November 2009 Archives
...not the beginning, but the end of it's Factory Quarter development, yesterday in Ealing.
Due to the great response to the last Picture Quiz (0), here's Picture Quiz No.3. All you have to do is name the building (along with the unique feature in the basement) to be in with a chance of winning the property industry related prize:
A huge fire riped through Peckham on Wednesday. The fire started on a new build social scheme currently under construction at 5 storeys and being developed by housing association London & Quadrant. It then spread across the road to a large housing estate which it destroyed. I took this photo to the right in August when site visiting which shows the scheme in its early stages, very recently getting under way. Below are pictures of the fire. No details have yet been offically released saying how the fire started and why it was so big. It's just a miracle no one was killed or seriously injured. A fire in nearby Camberwell, only 5 months ago killed 6 and is surely still in the memory of the locals. The BBC has a good aerial video which really shows the extent of the damage. More news stories can be found here.
...is not in Margate, it's next to Fullham's Craven Cottage ground. Following Ballymore's Silvertown Riviera plans, Hammersmith & Fulham is to reverse engineer this site back to it's glory days as an urban beach. Today the site is better known as Bishop's Park, so why was it known as Margate Sands? The name comes not because the beach was frequented by the good people of Margate, it wasn't, but from the sand used to build it which came from Kent and predominantly Margate.
Next year, the flattened "Noho Square" development close to the BT Tower will house temporary allotments after Stanhope, the developer agreed to make part of the land available for a year. This type of thing is happening more and more across the capital as developers try to find some immediate alternative uses for their sites whilst development is put on hold. Land Securities have done it at Park House where 'large entertainment' uses are proposed which includes an ice rink and British Land approached young architects recently to find uses for their abandoned 'cheese grater' tower on Leadenhall Street.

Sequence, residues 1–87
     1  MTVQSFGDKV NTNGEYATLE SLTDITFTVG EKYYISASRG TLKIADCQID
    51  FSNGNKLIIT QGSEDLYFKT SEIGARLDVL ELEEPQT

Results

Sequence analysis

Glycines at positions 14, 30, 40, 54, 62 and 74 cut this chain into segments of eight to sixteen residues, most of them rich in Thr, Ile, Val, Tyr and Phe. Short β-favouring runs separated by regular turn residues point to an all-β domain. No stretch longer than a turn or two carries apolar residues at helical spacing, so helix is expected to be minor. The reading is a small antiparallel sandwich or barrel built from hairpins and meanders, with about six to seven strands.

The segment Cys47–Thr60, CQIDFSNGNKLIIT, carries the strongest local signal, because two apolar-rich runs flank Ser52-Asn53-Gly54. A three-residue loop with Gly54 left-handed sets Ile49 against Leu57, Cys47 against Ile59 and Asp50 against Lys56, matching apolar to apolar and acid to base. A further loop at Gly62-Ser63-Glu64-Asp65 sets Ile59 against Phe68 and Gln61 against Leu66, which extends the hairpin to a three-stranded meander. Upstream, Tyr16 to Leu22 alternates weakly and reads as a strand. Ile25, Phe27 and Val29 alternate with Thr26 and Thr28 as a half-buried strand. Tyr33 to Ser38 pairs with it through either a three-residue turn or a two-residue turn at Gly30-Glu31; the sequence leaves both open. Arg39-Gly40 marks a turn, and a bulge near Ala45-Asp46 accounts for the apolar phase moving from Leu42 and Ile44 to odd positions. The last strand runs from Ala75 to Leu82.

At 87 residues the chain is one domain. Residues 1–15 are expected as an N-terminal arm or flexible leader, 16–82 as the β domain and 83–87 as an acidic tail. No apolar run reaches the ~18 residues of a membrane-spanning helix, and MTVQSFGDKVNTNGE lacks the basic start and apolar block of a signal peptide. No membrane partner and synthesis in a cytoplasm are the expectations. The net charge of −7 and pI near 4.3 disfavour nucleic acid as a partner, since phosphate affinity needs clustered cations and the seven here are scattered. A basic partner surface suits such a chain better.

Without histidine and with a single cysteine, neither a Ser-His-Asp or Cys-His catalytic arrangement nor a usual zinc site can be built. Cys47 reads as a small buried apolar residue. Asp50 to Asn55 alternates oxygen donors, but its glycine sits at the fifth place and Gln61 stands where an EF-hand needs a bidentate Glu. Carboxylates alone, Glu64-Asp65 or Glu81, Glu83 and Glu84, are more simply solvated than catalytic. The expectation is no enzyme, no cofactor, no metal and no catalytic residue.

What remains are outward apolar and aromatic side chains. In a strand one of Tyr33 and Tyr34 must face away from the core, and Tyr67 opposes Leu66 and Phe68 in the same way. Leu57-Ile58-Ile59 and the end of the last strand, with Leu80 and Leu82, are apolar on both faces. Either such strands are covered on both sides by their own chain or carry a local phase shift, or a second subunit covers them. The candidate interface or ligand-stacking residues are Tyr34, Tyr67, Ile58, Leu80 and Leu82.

This time the ingenious idea of turning the site into allotments for the local community to use is going to go ahead. Allotments are in short supply across the capital and this is ever so true in Camden too. With just 195 allotment plots in the borough and over 960 people on the waiting list, the estimated wait is an incredible 40 years! This site will provide around 100 plots with 500 people registering their interest soon after the idea was first mooted back at the start of the year. The picture below is what the site currently looks like.
In a bid to reduce heating bills and to promote energy efficiency
devised a new way to provide insulation in the borough
through ... wait for it - abseiling!
The method is being used to install cavity wall insulation as